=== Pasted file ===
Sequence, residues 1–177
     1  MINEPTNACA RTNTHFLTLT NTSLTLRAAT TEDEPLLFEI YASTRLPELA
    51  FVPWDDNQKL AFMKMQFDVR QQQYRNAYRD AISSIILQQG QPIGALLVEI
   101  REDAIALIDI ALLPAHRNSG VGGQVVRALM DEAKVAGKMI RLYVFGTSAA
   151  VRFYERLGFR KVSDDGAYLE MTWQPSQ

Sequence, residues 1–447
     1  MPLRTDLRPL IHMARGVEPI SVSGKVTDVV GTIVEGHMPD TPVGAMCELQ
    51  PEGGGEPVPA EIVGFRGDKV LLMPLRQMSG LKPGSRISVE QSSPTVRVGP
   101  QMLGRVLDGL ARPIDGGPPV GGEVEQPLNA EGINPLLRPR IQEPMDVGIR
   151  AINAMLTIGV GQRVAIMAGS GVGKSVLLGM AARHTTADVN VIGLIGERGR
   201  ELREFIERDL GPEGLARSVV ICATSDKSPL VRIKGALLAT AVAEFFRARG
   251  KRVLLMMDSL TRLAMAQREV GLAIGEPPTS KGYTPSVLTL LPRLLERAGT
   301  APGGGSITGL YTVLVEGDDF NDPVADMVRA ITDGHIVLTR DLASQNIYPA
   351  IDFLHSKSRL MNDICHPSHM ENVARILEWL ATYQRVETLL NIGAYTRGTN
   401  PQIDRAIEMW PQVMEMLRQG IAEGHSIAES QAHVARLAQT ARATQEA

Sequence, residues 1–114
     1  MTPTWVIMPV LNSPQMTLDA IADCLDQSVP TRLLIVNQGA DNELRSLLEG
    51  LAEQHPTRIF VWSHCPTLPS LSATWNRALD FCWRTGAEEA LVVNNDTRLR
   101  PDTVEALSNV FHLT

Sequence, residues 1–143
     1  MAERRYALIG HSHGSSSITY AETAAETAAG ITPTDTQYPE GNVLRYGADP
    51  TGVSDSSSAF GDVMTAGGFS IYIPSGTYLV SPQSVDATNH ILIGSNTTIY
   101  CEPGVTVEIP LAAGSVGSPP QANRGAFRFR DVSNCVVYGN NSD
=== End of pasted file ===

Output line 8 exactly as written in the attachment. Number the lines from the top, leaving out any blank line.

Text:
    51  PEGGGEPVPA EIVGFRGDKV LLMPLRQMSG LKPGSRISVE QSSPTVRVGP